New York USA
|Cemetery notes and/or description:|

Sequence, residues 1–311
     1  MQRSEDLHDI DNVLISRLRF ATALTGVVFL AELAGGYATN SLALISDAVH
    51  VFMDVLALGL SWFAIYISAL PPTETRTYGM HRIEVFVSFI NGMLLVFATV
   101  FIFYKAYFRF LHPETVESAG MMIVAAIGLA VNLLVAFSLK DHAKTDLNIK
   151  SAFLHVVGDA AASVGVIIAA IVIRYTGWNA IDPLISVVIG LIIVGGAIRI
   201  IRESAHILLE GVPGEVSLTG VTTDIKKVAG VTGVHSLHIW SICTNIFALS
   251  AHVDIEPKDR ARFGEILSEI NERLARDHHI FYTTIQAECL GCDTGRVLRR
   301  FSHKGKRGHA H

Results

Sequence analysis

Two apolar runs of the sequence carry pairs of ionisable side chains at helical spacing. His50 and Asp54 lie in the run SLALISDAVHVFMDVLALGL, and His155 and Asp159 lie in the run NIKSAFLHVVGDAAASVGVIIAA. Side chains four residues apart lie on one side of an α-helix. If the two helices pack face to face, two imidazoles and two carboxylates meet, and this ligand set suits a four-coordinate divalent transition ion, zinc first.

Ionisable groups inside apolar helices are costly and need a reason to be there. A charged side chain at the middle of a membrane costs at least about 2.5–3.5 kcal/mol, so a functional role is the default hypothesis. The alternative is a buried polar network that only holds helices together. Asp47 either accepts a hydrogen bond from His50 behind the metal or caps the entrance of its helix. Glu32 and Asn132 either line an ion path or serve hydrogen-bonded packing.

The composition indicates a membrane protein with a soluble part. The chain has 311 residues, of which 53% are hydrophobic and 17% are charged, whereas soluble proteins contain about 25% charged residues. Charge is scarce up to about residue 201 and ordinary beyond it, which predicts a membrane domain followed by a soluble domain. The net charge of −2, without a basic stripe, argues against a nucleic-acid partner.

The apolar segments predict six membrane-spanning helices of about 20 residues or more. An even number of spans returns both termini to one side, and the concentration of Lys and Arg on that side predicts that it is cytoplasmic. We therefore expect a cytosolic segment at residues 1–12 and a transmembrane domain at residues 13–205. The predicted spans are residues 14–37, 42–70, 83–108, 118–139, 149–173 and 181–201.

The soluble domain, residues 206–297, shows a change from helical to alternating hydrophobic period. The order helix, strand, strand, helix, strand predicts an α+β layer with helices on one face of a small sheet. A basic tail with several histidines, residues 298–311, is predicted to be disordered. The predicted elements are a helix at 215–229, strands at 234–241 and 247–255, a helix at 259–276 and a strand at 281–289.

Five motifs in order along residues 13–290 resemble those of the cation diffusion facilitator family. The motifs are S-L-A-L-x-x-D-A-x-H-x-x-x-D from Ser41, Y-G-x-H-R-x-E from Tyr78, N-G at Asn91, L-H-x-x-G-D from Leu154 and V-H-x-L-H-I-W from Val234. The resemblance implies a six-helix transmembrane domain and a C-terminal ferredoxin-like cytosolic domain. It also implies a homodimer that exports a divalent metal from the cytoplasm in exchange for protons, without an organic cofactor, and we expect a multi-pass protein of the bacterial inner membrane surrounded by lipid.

In OLD BATAVIA CEMETERY, Harvester Ave. between the Erie and New York Central Railroads, are the graves of Joseph Ellicott (see below) and a number of Batavia pioneers, and the MORGAN MONUMENT, erected in 1880 by the National Christian Association Opposed to All Secret Societies. When William Morgan (1775-1826) was denied membership in a Masonic lodge in Batavia, he threatened to reveal the secrets of the order. After a series of arrests he was secretly carried off to Fort Niagara, where all traces of him were lost. A hue and cry was raised through the countryside, and a movement was set on foot to break the power of Free Masonry; tinged with patriotic and religious sentiment, it took form as a political party. For several years the vote of the 'infected district,' as this part of the State was called, determined the results of State elections. In the presidential campaign of 1828 the Anti-Masonic party polled 33,000 votes. Some time before the election a man's body was washed up on the shore of Lake Ontario and was identified as Morgan; when informed that the identification was doubtful, Thurlow Weed is reported to have said that it was 'good enough Morgan till after the election.' Morgan's fate has never been definitely determined.